Generally, there is little evidence that voters lying about their vote intention (so-called ‘shy’ voters) is a substantial cause of polling error. Instead, polling errors have most commonly resulted from problems with representative samples and weighting, undecided voters breaking in one direction, and to a lesser extent late swings and turnout models.

And in more detail from the review:

Given the secrecy of the ballot, it is difficult to prove whether people lie about how they will vote. There is some evidence to suggest it happens on at least some occasions. In the US, the ‘Bradley effect’ whereby polls overstated support for African-American politicians (due to white respondents being reluctant to say they would vote for a different candidate) appears to have been true in the 1980s and early 1990s, though it has since disappeared (Hopkins 2015). As with the ‘late swing’ excuse, ‘shy’ voters are more often accused than guilty (Coppock 2017; Durand et al. 2001, 2002; Kennedy et al. 2017; Mellon and Prosser 2017a; Sturgis et al. 2016). ‘Shy Tories’ – supporters of the Conservative Party in the UK – are the canonical explanation for the 1992 polling miss in Britain. There is some evidence that people who did not disclose their vote intention prior to the 1992 election but reported voting in recontact surveys were disproportionally Conservative (Jowell et al. 1993b), though whether this represents ‘shy’ voters or late deciders swinging in one direction is unclear, and the extent to which people lied to pollsters has been disputed (Crewe 1993; Worcester 1996).

Shy Tories were suggested to be behind the 2015 polling miss (Singh 2015), but looking at differential vote by non-disclosers during the campaign, the geographic distribution of Conservative support and vote intention reporting, a question ordering experiment, and modelling the likely vote choices of non-disclosers, Mellon and Prosser (2017a) found no evidence of a Shy Tory phenomenon, a conclusion later confirmed by the British Polling Council inquiry into the polling miss (Sturgis et al. 2016). Some researchers also suggested that people lying to pollsters about their likelihood of turning out to vote was a factor in the polling error (Whiteley 2016). Examining this question, however, Mellon and Prosser (2017a) found that although people over-reported their likelihood of voting and having voted, over-reporting was uncorrelated with vote choice, meaning the errors in vote share estimates cancelled out.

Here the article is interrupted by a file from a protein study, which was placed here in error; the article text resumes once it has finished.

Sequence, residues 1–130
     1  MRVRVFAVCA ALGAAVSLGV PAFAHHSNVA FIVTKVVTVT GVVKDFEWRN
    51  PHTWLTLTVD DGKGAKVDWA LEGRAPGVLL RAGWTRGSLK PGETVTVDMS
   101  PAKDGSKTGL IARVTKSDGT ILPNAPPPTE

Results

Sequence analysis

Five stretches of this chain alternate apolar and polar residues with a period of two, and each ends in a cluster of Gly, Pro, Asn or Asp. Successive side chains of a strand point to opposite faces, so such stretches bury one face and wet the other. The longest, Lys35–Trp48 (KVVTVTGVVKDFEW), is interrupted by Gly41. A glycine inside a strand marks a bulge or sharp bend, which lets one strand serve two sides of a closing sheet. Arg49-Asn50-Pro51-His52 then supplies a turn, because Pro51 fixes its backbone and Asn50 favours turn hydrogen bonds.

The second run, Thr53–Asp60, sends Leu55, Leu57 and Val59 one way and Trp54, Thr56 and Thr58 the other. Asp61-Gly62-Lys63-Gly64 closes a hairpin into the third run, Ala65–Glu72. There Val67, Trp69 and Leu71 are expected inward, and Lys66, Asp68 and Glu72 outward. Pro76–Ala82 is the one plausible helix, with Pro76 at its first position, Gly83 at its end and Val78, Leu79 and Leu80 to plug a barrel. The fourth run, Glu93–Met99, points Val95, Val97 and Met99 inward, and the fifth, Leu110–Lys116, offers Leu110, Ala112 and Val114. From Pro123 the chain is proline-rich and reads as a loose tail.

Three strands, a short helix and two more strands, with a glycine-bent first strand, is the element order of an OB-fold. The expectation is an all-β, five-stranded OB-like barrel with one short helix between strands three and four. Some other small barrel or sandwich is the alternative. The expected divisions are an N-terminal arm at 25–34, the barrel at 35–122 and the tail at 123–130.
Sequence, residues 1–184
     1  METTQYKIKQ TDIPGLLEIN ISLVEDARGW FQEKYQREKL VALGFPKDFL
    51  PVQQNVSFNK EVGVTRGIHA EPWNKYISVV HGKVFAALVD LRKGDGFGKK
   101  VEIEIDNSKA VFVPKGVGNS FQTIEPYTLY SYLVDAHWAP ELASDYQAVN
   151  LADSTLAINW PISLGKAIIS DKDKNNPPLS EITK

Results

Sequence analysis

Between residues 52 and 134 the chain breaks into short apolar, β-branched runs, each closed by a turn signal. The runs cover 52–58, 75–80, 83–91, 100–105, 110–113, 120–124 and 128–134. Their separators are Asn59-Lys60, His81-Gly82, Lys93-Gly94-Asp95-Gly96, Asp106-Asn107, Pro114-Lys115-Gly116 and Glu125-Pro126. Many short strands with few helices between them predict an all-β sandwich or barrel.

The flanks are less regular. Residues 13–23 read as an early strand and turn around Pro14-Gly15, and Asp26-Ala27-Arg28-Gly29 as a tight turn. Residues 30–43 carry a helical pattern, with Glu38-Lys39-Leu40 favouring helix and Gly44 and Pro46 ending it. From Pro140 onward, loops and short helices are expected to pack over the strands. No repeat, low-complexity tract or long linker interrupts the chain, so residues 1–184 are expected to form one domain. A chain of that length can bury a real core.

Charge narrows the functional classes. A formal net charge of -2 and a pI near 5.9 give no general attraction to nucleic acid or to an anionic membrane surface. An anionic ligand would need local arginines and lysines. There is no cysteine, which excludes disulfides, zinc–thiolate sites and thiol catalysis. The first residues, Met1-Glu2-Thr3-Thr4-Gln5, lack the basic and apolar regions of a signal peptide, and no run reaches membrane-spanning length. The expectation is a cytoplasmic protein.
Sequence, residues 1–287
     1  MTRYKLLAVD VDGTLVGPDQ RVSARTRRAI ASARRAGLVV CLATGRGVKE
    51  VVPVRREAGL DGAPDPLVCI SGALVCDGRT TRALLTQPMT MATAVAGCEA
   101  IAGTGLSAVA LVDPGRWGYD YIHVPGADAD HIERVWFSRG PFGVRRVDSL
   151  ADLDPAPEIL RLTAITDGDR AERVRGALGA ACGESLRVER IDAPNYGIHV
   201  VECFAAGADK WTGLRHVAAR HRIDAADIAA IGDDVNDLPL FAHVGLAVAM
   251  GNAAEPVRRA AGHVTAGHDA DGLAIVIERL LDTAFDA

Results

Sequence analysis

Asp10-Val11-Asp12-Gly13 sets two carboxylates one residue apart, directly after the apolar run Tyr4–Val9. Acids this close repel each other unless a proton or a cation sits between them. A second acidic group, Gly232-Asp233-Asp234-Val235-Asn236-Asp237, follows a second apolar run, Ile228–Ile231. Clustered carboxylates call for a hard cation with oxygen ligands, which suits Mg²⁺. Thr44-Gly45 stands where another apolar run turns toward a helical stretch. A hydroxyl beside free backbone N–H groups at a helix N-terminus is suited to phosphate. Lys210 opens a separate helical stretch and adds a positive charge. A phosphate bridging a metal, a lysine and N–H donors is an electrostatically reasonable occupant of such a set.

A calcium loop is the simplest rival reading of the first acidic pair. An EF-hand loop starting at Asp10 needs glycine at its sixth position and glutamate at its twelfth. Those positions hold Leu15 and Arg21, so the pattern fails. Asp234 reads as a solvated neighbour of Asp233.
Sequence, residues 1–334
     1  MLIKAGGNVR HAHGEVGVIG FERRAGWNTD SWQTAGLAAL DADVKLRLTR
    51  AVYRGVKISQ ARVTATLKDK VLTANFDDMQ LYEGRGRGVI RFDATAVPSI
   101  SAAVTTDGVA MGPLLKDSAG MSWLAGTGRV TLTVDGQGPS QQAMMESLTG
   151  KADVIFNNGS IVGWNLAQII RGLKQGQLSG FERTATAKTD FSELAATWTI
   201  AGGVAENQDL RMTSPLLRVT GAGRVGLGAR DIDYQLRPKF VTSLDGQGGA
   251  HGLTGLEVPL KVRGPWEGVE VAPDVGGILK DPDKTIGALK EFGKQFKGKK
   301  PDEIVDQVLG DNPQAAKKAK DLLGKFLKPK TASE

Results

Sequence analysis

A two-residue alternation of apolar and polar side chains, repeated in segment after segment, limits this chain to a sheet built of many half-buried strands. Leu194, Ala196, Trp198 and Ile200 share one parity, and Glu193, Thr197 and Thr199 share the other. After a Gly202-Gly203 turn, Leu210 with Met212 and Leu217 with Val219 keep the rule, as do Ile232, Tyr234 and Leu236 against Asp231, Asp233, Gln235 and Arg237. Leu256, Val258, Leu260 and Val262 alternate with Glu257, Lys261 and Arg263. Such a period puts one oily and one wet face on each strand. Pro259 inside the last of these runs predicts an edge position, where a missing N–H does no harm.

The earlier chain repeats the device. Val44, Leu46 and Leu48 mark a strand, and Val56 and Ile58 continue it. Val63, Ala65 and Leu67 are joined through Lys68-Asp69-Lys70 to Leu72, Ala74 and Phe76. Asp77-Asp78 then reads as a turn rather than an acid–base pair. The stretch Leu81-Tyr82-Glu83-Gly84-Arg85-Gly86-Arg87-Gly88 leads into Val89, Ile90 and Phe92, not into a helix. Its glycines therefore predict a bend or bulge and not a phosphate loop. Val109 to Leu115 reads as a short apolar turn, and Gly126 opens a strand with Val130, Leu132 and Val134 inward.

‘Shy Trump’ supporters were also suggested to be behind Trump’s unexpected victory (Anderson 2016). However, there is no evidence supporting this. Using a list experiment – a technique designed to elicit accurate reporting of socially undesirable behaviour – Alexander Coppock (2017) found no evidence of Shy Trump voters. Likewise, the AAPOR report into the 2016 US polls compared presidential vote intentions to Republican support in down ballot races and found nothing to suggest a Shy Trump effect (Kennedy et al. 2017).

  • Nice find! Though " compared presidential vote intentions to Republican support in down ballot races" seems questionable as a methodology for what 538 calls Obama-Trump voters (who are decidedly less likely to vote downballot for Republicans)
    – user4012
    Commented Oct 10, 2019 at 12:52
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    Wasn't this question somewhat undermined by 2020 election in which mismatch between Trump pools and final results was even bigger than in 2016? (I mean hypothesis looks sound, except making the same error but bigger would be odd)
    – Shadow1024
    Commented Jun 1, 2021 at 20:32